“It felt separated for ages and it’s good to be back.”
For Ms McKenzie, a first-year nursing student, lockdown was particularly stressful. She had done one of her placements at a nursing home – a sector hard hit by the coronavirus.
Ms McKenzie worried about the risk of spreading the virus among the residents.
“I didn’t want to pass it on to any of the elderly there so it was a bit scary.”
She is now looking forward to seeing loved ones.
“I haven’t been able to see my family the whole time. It’s been hard.”
They were among crowds of well-spaced beachgoers on Monday afternoon who seemed to be observing social distancing. Groups of people largely kept their distance, but few appeared to be wearing masks while sitting on the sand, despite pleas from the state government.
The familiar sights of summer – beach tents and umbrellas, children digging sandcastles and skipping stones – had all returned after months of restrictions.
Melbourne’s “ring of steel” came down one minute before midnight on Sunday, allowing Melburnians their first chance to hit the waves legally in months.
For Geordi Coyne surfing is like meditation. He was surfing up to three times a week in between Melbourne’s lockdowns.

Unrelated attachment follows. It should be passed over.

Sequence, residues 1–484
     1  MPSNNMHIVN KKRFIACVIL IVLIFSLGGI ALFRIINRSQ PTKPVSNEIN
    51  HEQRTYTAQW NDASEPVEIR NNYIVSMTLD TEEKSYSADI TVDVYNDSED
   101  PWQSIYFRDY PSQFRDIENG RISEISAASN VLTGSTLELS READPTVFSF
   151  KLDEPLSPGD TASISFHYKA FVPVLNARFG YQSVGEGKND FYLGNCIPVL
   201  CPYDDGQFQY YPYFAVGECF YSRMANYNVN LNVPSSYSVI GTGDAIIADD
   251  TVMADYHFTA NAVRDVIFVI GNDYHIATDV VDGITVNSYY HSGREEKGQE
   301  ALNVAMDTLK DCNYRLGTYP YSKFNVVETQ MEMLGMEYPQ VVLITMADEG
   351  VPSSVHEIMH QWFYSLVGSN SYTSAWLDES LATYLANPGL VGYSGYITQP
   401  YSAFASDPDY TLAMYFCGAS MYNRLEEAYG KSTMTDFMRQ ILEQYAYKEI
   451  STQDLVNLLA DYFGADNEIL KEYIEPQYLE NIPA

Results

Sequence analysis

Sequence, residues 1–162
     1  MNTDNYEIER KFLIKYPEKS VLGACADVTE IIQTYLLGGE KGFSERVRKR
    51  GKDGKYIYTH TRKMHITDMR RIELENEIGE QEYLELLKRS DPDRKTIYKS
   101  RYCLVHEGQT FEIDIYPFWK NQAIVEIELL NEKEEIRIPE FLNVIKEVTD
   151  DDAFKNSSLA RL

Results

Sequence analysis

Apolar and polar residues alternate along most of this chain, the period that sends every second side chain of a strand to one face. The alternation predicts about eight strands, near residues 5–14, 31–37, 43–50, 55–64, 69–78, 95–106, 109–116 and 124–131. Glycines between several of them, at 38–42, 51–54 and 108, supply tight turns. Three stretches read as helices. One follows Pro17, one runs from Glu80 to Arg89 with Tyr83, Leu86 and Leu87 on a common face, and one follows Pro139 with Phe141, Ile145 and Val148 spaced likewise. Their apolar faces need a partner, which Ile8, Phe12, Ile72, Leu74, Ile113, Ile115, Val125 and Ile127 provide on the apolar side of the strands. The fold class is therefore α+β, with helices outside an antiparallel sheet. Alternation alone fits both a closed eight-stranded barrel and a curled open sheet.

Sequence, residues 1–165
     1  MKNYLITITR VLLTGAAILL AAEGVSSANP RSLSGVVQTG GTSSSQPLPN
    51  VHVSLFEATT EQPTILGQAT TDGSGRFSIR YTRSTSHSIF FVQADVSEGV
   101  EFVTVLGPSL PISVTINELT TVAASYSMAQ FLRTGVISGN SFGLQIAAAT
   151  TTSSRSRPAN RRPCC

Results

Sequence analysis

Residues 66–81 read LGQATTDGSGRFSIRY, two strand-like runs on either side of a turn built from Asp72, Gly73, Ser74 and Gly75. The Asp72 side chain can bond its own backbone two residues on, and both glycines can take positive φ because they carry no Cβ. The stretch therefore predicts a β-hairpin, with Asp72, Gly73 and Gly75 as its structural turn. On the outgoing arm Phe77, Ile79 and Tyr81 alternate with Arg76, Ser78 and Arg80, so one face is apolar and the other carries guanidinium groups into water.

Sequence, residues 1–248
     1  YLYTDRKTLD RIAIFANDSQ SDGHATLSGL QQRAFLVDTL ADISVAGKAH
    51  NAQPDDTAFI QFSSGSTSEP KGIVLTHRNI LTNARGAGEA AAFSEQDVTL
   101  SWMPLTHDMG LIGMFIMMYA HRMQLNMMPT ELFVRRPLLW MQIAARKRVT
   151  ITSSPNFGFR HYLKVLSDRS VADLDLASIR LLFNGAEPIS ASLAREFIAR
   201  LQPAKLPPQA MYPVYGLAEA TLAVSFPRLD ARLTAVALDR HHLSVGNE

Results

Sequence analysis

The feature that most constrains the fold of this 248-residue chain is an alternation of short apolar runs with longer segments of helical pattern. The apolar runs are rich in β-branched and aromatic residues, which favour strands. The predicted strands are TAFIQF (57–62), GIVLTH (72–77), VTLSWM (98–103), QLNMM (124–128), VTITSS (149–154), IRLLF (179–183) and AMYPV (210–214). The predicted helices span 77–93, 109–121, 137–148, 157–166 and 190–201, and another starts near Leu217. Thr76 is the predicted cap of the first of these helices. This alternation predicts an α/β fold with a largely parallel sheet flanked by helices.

So when travel restrictions were lifted for Melburnians he wasted little time in heading for Torquay on public transport.
But his first briny taste of the Victorian surf on Monday was bittersweet.
Although he relished the chance to get back in the water, he was missing his Singaporean partner with whom he last went surfing in between lockdowns.
“She really misses surfing. That’s the main reason she wants to come back here,” he said.
By mid-afternoon he was in no rush to get home.
“I’ll stay here until the sun goes, until the last bus.”
Mr Coyne is among those Melburnians ready to leave the big smoke and settle somewhere on the coastline. “I’m definitely an ocean boy.”
During the second lockdown the lure of the coast proved irresistible to some Victorians.
On July 22, when Victoria recorded 484 new COVID-19 cases, a woman who was planning to hit the waves and travel more than 100 kilometres from Melbourne to the Surf Coast, was among 61 people fined for breaching restrictions.
The following day, Torquay police confirmed a 49-year-old Albert Park woman was fined $1652 and escorted out of town after she was caught shopping and eating there.
On August 16, when Victoria notched up 279 new cases, a Torquay man was fined for travelling over 140 kilometres west to surf at Castle Cove because there were “no waves on the east side”.
Benjamin is The Age’s regional editor. He was previously state rounds reporter and has also covered education for The Age.